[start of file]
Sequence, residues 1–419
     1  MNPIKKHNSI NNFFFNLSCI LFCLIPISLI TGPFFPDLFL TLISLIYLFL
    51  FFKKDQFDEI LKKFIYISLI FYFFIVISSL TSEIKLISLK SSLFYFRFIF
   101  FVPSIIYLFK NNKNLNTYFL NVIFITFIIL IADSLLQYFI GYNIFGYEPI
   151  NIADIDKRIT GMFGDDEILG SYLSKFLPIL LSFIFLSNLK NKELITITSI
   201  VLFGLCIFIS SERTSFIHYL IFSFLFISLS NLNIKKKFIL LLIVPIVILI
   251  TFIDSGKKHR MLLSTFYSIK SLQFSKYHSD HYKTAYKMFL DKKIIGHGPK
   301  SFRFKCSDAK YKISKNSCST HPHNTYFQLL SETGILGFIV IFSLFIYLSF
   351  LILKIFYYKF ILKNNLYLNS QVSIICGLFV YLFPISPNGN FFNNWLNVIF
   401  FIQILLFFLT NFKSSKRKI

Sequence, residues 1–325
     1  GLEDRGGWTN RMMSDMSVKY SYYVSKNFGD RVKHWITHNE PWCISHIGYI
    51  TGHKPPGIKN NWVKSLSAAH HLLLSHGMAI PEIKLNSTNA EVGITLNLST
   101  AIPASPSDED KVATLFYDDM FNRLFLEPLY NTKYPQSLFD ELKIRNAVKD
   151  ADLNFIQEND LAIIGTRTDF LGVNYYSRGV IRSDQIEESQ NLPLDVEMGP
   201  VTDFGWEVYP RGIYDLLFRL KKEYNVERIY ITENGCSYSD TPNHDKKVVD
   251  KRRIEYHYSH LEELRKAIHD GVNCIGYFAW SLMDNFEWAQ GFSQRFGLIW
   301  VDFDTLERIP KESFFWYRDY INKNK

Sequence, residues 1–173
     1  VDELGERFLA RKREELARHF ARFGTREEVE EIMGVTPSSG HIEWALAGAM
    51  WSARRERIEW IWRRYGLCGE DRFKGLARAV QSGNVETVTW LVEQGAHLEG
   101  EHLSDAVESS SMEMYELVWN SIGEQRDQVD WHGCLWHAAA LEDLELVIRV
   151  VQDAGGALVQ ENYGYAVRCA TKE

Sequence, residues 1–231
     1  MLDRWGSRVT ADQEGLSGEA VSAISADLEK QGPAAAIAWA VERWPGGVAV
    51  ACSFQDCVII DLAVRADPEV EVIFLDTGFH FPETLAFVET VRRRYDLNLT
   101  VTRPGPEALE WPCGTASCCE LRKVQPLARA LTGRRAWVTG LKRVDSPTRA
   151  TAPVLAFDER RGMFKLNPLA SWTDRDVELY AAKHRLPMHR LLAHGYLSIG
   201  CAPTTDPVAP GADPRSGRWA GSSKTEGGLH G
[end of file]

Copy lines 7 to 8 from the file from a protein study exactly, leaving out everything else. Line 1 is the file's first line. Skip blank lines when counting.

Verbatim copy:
   251  TFIDSGKKHR MLLSTFYSIK SLQFSKYHSD HYKTAYKMFL DKKIIGHGPK
   301  SFRFKCSDAK YKISKNSCST HPHNTYFQLL SETGILGFIV IFSLFIYLSF